RALEIGH – Gov. Pat McCrory on Thursday signed into law House Bill 1050, legislation making a hodgepodge of changes in revenue laws that would, among other things, levy a tax on electronic cigarettes and eventually do away with privilege licenses charge by local governments.
The bill also would tweak the tax overhaul law that was approved by the General Assembly last year.
The Senate gave initial approval to the bill Wednesday and made its final vote just after noon Thursday. The House concurred an hour later, and McCrory signed the bill at 4:05 p.m.
Most of the Senate discussion on the e-cigarette tax had to do with the taxation method. None of the senators argued against the tax, and there was no effort on the floor to strip the provision from the bill.
Sen. Ben Clark, D-Hoke, offered an amendment to change the method for calculating the excise tax. His proposal would have based the tax on the amount of nicotine in the e-cigarette rather than have a 5 cent per milliliter tax.
“We’re trying to draw a relationship between the nicotine content, the e-liquid and the excise tax imposed therein,” Clark said.
Sen. Bill Rabon, R-Brunswick, said the e-cigarette tax would be a “hot item” in years to come, and opposed Clark’s amendment.
The Clark amendment failed by a 37-12 vote.
The excise tax will be assessed in addition to the 6.75 percent state and local sales tax in most areas of the state.
The e-cigarette tax is supported by R.J. Reynolds, but is opposed by some smaller companies.
The tax would become effective July 1, 2015. Fiscal analysts estimate that once the tax is fully implemented, it will bring in between $5 million and $5.3 million a year to the state’s coffers.
The bill also contained a provision doing away with local privilege license taxes assessed by cities and towns. That change would take effect July 1, 2015. Until then, privilege licenses would remain in effect, except cities no longer would be able to tax businesses not located within their corporate limits.
More than 300 North Carolina municipalities assess some sort of privilege license tax, bringing in $62.2 million annually.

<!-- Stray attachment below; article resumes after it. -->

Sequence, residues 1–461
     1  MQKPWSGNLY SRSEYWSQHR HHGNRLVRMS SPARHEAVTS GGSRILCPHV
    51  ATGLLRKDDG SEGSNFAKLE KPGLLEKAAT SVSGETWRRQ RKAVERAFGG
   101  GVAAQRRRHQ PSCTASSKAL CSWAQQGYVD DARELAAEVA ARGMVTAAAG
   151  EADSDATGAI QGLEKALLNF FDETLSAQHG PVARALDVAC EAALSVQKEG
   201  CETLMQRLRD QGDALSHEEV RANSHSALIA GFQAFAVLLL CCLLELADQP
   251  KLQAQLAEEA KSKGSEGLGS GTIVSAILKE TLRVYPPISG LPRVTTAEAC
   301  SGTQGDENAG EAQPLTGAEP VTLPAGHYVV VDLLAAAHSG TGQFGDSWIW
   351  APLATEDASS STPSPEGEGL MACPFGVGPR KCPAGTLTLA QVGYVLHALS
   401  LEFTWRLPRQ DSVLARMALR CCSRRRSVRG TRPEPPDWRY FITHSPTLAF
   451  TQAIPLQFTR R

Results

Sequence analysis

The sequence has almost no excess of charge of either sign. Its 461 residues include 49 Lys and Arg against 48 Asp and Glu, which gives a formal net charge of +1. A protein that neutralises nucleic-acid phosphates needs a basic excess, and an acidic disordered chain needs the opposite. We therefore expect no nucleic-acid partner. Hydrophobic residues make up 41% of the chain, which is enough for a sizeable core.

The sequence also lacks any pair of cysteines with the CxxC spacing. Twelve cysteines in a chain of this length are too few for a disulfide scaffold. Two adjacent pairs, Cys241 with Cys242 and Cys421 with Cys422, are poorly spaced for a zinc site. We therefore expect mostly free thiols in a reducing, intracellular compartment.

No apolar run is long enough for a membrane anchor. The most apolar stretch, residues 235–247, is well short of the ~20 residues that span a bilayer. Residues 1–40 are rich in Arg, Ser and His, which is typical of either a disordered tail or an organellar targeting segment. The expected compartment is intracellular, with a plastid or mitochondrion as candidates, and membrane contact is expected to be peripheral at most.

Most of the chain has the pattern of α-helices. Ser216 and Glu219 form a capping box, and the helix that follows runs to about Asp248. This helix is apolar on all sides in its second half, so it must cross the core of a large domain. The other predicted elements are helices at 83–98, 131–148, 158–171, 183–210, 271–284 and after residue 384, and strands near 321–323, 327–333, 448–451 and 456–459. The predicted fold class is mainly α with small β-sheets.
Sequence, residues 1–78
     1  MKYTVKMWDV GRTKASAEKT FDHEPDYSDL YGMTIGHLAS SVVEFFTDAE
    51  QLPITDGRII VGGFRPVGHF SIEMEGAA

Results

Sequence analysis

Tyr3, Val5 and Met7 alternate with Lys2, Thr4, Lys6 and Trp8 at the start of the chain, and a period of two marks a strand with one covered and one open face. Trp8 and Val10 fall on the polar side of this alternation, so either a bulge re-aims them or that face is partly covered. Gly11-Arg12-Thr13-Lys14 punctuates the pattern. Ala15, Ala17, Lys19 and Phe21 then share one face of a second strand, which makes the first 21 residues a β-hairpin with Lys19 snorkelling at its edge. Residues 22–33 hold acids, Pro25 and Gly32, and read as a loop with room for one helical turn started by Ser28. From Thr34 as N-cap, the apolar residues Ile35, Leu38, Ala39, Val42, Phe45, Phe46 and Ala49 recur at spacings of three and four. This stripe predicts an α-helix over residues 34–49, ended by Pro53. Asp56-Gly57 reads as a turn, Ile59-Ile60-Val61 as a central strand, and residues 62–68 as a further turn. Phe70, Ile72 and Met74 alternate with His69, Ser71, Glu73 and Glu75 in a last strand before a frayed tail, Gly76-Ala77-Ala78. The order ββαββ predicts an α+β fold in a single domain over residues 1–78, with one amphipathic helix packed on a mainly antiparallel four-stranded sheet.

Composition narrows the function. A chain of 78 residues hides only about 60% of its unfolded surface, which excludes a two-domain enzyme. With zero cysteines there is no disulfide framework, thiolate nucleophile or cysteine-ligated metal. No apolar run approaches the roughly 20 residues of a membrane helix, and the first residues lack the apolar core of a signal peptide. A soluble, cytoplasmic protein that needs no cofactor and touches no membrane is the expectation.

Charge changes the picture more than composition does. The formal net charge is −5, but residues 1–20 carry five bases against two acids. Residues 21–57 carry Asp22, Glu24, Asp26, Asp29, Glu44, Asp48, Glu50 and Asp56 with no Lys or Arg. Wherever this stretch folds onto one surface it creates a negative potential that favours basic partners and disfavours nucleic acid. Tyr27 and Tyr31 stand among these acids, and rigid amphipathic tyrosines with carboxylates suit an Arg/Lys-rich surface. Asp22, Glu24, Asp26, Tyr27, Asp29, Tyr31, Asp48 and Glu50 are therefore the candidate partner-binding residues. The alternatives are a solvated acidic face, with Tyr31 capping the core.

In a statement, McCrory said, “There’s no debate that the privilege tax has been applied inconsistently, creating confusion and expense for our businesses. Therefore, I support needed reform.”
He added that the associations representing mayors and city councils had legitimate concerns about the forgone revenue. But he said had received assurances from the finance chairs in the House and Senate that they would work with local governments over the next year to “find a resolution that reforms the local tax option and addresses lost revenue, prior to the sunset date.”
H.B. 1050 also clarified the rules covering the occupancy taxes charges by localities for renting sleeping accommodations. Homes or rooms in homes that are rented for fewer than 15 days a year and are not listed through a real estate broker or rental service aren’t subject to occupancy taxes. The change was made to assist homeowners who rent their residences during golf tournaments at Pinehurst, which will host the men’s and women’s U.S. Open championships in June.
The bill also makes other tax code changes, such as exempting new farmers from sales taxes used in their agribusiness, defining that prepaid meal plans, such as those used on college campuses, are subject to sales taxes, and clarifying taxes on contractors installing items bought from retailers.
Barry Smith (@Barry_Smith) is an associate editor of Carolina Journal.